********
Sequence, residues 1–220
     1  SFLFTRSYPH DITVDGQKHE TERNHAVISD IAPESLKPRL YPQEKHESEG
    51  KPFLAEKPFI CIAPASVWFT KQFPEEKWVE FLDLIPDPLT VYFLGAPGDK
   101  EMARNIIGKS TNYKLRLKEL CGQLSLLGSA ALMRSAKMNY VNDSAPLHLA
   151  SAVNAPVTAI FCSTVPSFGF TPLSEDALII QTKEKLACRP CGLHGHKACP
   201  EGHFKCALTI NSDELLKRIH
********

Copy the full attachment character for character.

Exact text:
Sequence, residues 1–220
     1  SFLFTRSYPH DITVDGQKHE TERNHAVISD IAPESLKPRL YPQEKHESEG
    51  KPFLAEKPFI CIAPASVWFT KQFPEEKWVE FLDLIPDPLT VYFLGAPGDK
   101  EMARNIIGKS TNYKLRLKEL CGQLSLLGSA ALMRSAKMNY VNDSAPLHLA
   151  SAVNAPVTAI FCSTVPSFGF TPLSEDALII QTKEKLACRP CGLHGHKACP
   201  EGHFKCALTI NSDELLKRIH